Apple has fixed a vulnerability in the iPhone
that could have enabled hackers to send malicious text messages to either knock the device offline or execute remote code.
The patch arrived Friday, one day after researcher Charlie Miller and German Ph.D. student Collin Mulliner presented details on the flaw
at the Black Hat conference in Las Vegas -- in one of the most attended talks of the show.
Miller described the memory corruption issue as a bug that could enable an attacker to launch a denial-of-service attack against a victim phone, preventing users from making phone calls, sending texts or accessing the internet and effectively downgrading their "iPhone into an iPod Touch." All a hacker would need to do is send a single, specially crafted SMS message, which would appear invisible to the user.
The vulnerability also could be exploited to do much more harm, Miller said. A barrage of malicious messages could enable an attacker to take complete control of the device. In his and Mulliner's test run, they sent 519 texts to a phone and were able to obtain control.
Miller did not reveal the complete exploit code at his talk but estimated that hackers will use the partial information he provided to develop working attack code within a couple of weeks.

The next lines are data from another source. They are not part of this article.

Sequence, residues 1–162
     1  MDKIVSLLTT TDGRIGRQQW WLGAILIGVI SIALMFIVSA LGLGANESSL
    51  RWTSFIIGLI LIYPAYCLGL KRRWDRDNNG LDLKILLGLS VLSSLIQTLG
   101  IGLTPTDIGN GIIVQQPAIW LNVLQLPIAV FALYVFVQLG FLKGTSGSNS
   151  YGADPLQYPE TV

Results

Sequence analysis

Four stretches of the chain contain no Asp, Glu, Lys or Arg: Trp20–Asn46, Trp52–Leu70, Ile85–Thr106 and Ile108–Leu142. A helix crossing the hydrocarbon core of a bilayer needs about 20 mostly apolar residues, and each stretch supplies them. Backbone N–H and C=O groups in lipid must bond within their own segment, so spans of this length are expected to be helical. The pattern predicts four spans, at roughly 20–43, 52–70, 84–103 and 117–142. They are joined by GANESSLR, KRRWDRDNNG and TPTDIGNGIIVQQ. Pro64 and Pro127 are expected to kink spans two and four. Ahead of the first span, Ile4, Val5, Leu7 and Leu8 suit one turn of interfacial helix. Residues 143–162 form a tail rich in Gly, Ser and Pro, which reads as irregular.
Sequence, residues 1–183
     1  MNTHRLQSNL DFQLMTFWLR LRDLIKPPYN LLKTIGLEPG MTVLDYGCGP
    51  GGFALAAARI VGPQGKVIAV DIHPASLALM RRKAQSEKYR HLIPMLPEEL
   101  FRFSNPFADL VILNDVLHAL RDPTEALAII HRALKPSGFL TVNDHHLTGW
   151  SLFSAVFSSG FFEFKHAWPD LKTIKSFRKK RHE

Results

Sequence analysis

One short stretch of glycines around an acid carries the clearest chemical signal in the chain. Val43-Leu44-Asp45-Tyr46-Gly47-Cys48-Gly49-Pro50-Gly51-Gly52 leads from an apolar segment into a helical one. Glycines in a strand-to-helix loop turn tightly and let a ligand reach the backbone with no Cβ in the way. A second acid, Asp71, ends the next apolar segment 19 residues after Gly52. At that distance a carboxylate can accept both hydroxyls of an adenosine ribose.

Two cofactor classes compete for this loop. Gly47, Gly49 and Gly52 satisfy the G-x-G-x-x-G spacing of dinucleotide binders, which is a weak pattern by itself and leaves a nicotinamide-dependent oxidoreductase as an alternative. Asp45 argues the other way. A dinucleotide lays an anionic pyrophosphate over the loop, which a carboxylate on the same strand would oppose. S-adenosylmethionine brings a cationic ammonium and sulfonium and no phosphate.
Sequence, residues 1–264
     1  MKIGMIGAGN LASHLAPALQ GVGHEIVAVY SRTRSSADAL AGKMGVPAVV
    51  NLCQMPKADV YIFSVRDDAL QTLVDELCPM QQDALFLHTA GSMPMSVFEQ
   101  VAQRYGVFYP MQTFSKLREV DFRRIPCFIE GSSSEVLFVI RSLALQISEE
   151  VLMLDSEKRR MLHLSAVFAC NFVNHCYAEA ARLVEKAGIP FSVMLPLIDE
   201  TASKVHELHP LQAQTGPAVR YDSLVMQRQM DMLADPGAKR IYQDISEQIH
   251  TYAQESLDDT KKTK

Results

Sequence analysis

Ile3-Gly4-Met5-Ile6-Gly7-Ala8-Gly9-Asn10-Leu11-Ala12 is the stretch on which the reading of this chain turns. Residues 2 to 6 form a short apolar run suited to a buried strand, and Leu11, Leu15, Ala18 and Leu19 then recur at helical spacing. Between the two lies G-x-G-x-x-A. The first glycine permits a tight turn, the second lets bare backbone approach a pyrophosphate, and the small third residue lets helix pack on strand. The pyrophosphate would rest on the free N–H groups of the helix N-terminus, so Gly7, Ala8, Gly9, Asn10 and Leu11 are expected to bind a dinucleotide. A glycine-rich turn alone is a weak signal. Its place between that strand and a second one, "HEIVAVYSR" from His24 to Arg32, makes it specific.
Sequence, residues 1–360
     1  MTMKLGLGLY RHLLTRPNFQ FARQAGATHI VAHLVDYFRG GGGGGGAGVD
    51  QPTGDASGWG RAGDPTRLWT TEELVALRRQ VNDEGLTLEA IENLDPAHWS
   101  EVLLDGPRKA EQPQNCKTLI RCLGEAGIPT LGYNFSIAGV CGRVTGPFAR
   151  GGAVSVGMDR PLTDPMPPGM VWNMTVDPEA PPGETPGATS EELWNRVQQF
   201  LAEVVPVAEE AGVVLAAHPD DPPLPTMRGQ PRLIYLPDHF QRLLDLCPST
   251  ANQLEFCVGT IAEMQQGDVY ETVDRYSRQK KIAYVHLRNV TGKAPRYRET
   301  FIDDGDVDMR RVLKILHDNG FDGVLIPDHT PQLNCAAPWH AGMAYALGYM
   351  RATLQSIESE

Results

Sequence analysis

Apple was notified of the flaw on June 18, and Miller said he expected a fix before the show.
The delay prompted some security observers to question whether Apple is as committed to security as it should be.
"Unfortunately, it looks like the security problems with [the] iPhone will continue to grow until Apple makes security a higher priority," said Andrew Storms, director of security operations at vulnerability management firm nCircle. "If there is a silver lining for iPhone users, it's that all of the security research attention it is getting could eventually turn the iPhone into one of the most secure mobile platforms."
An informal poll conducted at Black Hat by nCircle, in which 94 people voted on which mobile device would be most vulnerable to attack for the remainder of 2009, 56 percent of respondents chose the iPhone. An Apple spokesman could not be reached for comment.
Miller and Mulliner presented similar vulnerabilities affecting Google's Android, which has been patched, and Windows Mobile, which has not.
Apple, in a security advisory
, said the patch is available for iPhone versions 1.0 through 3.0.